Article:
Style and Technique

(Comprehensive Guide to Short Stories, Critical Edition)

“The Watcher” is told from the third-person-singular point of view, which facilitates approaching the protagonist objectively while still revealing his thoughts. The clearest impressions in the story are those of Amerigo’s mind. Other impressions are less detailed, or vague. Though the voting officials play dramatic roles in the story, their names are not mentioned, and they are drawn in only the harshest of outlines. The major character of Lia is never seen, and her voice is heard only over the telephone, accompanied by undescribed music. All of this serves to intensify the focus on Amerigo’s thoughts and swings of mood. The world of the story is, in fact, presented only as a perception of Amerigo’s. Even the rain at the outset of the story, rather than being presented objectively, independent of Amerigo, is presented as one of his perceptions: “It looked like rain.” Soon afterward is the image of Amerigo “tilting his umbrella to one side and raising his face to the rain.”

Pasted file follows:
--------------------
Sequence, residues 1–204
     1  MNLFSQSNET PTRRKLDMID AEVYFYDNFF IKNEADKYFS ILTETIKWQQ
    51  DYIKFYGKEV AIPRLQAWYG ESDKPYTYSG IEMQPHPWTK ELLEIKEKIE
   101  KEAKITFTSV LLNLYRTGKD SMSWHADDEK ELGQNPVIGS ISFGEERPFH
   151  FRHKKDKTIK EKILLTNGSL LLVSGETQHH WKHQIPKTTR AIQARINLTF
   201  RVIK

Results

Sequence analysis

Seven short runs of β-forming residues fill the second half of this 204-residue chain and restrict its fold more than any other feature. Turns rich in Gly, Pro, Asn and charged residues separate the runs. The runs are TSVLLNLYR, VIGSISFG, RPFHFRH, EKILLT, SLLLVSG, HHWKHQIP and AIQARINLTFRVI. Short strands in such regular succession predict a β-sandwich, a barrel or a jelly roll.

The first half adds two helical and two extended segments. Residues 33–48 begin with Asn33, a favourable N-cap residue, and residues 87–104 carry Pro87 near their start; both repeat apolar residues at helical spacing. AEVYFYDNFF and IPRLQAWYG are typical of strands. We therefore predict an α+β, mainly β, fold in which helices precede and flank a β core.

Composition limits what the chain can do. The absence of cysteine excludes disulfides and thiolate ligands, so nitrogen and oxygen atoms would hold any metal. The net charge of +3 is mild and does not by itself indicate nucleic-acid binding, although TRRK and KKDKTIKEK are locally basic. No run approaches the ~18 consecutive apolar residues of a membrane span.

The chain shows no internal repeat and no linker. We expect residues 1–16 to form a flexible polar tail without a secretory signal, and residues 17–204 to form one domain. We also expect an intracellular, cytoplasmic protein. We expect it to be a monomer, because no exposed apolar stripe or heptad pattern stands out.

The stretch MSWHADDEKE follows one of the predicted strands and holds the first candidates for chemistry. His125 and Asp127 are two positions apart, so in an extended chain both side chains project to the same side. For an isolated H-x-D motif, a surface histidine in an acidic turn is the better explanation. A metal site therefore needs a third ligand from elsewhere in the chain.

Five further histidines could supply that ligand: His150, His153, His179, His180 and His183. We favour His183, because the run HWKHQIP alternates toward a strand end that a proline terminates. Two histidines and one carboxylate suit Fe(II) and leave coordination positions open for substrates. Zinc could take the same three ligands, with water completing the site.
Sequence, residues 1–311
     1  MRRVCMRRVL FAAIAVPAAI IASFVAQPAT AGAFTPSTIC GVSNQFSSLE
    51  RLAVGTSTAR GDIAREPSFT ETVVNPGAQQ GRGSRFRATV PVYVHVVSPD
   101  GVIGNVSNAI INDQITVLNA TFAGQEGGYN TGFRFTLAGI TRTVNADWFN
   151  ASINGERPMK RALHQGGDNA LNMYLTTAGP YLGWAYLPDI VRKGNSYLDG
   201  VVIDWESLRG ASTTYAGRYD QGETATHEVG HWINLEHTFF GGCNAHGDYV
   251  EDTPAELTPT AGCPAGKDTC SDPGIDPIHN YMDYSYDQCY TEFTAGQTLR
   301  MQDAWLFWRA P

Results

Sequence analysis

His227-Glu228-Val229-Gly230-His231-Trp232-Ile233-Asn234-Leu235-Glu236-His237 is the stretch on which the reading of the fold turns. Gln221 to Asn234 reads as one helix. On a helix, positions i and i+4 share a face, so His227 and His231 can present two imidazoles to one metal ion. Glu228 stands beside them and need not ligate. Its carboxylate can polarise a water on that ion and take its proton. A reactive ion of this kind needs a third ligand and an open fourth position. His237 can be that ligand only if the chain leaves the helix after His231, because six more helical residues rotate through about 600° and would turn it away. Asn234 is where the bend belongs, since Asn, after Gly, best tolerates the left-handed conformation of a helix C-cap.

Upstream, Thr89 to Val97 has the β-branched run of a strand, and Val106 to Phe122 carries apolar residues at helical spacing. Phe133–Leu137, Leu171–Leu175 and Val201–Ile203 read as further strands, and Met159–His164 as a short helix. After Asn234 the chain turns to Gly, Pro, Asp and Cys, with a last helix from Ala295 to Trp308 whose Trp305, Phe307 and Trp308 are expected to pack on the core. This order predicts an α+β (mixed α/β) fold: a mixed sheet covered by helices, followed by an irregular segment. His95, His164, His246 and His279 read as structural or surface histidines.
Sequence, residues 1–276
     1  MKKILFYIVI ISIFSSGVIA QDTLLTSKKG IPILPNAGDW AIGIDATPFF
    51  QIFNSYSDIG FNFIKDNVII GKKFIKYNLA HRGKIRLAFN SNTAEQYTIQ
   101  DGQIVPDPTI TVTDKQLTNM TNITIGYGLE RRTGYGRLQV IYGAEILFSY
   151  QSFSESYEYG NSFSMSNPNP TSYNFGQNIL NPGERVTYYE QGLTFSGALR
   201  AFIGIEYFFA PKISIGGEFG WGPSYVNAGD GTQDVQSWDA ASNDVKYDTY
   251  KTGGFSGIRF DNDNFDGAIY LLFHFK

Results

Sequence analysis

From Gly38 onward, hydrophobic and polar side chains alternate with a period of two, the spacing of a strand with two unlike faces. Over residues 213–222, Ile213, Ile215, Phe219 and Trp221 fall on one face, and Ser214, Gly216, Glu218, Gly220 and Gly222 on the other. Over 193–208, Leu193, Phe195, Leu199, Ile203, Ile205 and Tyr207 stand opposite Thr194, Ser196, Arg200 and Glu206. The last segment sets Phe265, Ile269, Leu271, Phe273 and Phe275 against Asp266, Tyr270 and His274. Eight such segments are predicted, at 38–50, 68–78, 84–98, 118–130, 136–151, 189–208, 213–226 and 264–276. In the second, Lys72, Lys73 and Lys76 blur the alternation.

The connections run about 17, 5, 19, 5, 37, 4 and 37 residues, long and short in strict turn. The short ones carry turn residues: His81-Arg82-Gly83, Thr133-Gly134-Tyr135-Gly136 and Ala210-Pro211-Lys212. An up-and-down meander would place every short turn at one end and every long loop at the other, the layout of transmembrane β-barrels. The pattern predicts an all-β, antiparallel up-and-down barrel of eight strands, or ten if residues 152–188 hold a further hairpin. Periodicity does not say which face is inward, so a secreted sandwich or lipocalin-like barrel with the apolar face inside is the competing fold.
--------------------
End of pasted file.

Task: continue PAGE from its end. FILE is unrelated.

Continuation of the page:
Paradox and symbol in this story are basic to Calvino’s theme, and are obvious rather than subtle. The significant symbols are well explained: Cottolengo represents human society as a whole, and the Cottolengo man who was reared in the hospital is homo faber—representative, that is, of the spark within a man that accounts for his humanity.

The most outstanding stylistic trait of the story is Calvino’s mirroring in his sentence structures the...

(The entire section is 515 words.)